Republican opponents of new light bulb efficiency standards which would have started a phase-out of incandescent light bulbs in January have inserted language into this year’s final 1,200-page spending bill to block the plan.
The $1 trillion omnibus spending legislation, agreed upon Thursday night by House and Senate negotiators in order to prevent a government shutdown, will block funding from going toward the new standards’ implementation.
“Because annual spending bills are ‘must pass’ legislation, attaching light bulb protections to the appropriations package was the most effective way to get a correction signed into law,” Energy and Commerce committee spokeswoman Charlotte Baker told The Daily Caller.
While the new standards will remain on the books, there will be no funding allocated to enforcing those standards. The delay on the implementation will last until the end of the government’s fiscal year in September 2012.
“We heard the message loud and clear from Americans who don’t want government standards determining how they light their homes,” Energy and Commerce committee chairman Fred Upton said in a statement. “That’s why the House acted several months ago to cut off funding for the Department of Energy to enforce light bulb efficiency standards that would deny consumer access to traditional, 100 watt incandescent light bulbs.”
The Hill reported this week that the efficiency standard delay was one of the Republicans’ and Democrats’ stumbling blocks in a final deal on the omnibus spending bill.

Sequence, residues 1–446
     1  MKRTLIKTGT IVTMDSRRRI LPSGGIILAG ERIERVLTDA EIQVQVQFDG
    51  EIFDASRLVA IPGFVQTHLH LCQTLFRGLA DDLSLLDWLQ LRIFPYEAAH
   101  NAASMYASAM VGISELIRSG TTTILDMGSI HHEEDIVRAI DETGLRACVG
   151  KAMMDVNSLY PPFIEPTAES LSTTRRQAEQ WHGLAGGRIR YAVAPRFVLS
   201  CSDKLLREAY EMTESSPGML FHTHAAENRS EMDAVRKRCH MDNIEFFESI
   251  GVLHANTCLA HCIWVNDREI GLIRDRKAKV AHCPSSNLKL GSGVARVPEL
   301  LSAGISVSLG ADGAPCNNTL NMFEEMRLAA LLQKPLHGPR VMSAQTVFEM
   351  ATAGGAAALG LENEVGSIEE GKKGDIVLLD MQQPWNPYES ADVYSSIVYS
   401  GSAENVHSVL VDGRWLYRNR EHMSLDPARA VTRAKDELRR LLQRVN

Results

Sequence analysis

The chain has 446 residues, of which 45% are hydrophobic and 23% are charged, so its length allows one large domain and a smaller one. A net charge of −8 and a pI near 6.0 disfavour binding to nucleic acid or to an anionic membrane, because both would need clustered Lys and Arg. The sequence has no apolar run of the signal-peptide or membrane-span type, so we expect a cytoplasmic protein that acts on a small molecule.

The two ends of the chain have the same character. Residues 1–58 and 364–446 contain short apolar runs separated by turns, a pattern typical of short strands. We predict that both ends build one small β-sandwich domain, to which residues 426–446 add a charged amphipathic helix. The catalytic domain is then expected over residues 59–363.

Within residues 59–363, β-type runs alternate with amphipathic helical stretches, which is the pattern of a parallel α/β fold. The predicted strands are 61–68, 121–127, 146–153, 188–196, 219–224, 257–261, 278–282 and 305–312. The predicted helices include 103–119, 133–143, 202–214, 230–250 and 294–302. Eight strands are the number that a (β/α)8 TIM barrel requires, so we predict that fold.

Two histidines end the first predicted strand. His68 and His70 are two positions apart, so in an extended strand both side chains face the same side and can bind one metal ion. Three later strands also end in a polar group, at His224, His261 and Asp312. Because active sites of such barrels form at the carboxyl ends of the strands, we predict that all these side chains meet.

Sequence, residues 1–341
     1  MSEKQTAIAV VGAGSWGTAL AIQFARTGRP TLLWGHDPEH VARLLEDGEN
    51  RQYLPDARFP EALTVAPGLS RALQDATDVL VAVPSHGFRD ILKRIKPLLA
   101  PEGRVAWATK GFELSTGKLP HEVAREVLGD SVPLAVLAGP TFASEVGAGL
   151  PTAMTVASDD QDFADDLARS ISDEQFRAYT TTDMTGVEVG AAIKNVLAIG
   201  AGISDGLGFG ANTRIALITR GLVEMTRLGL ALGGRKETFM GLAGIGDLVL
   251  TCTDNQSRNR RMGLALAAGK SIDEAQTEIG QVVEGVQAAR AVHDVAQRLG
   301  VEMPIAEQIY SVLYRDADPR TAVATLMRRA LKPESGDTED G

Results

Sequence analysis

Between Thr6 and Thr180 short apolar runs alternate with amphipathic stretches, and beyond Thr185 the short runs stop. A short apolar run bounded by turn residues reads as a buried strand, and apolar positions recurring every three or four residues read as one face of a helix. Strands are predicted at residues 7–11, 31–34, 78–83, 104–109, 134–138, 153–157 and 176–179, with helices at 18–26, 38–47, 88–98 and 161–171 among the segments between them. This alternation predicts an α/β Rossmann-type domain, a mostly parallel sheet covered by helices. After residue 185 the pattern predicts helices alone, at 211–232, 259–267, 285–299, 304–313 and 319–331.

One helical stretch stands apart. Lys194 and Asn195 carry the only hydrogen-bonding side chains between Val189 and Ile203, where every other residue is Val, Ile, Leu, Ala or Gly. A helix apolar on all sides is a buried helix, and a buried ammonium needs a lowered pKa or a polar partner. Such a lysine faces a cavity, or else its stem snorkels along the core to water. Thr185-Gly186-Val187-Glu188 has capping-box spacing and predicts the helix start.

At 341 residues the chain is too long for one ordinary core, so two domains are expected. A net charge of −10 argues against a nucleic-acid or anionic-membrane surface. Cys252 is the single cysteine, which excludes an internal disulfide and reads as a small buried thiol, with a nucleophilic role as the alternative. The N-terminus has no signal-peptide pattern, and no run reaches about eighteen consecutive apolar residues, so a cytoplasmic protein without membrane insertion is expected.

While Republicans pushing to stop the implementation have characterized the new standards as a “ban” on incandescents that would usurp consumer’s power to chose, proponents argue that the standards are meant to improve energy efficiency to improve the environment and reduce energy costs in the long run.
“Who should be driving the market? It gets to the question. Was it Nancy Pelosi? Was it the House of Representatives? Was the While House? Really, consumers should be driving the market,” Texas Republican Rep. Michael Burgess told TheDC last week. “Consumers ought to be driving the marketplace, not the government. That is the bottom line here.”
Burgess sponsored the original House amendment to block federal funding for the light bulb phase-out.
Concerns about the coming demise of the incandescent bulb had led some Americans to begin stocking up on 100-watt bulbs, the manufacture of which would have been outlawed in America without Burgess’s legislation.
“New lighting options are great news for the public, but the lesson is that markets and consumer demand are the best drivers of innovation and new choices,” Upton added.
Congress is expected to vote on the omnibus legislation Friday afternoon.
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